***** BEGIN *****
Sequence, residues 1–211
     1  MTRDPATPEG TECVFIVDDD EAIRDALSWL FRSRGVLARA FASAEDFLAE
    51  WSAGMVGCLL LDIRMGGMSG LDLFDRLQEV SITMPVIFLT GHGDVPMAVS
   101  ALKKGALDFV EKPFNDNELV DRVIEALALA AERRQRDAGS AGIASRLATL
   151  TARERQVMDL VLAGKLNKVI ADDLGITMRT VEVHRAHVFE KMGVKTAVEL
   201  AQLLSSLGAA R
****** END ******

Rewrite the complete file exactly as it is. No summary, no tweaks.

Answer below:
Sequence, residues 1–211
     1  MTRDPATPEG TECVFIVDDD EAIRDALSWL FRSRGVLARA FASAEDFLAE
    51  WSAGMVGCLL LDIRMGGMSG LDLFDRLQEV SITMPVIFLT GHGDVPMAVS
   101  ALKKGALDFV EKPFNDNELV DRVIEALALA AERRQRDAGS AGIASRLATL
   151  TARERQVMDL VLAGKLNKVI ADDLGITMRT VEVHRAHVFE KMGVKTAVEL
   201  AQLLSSLGAA R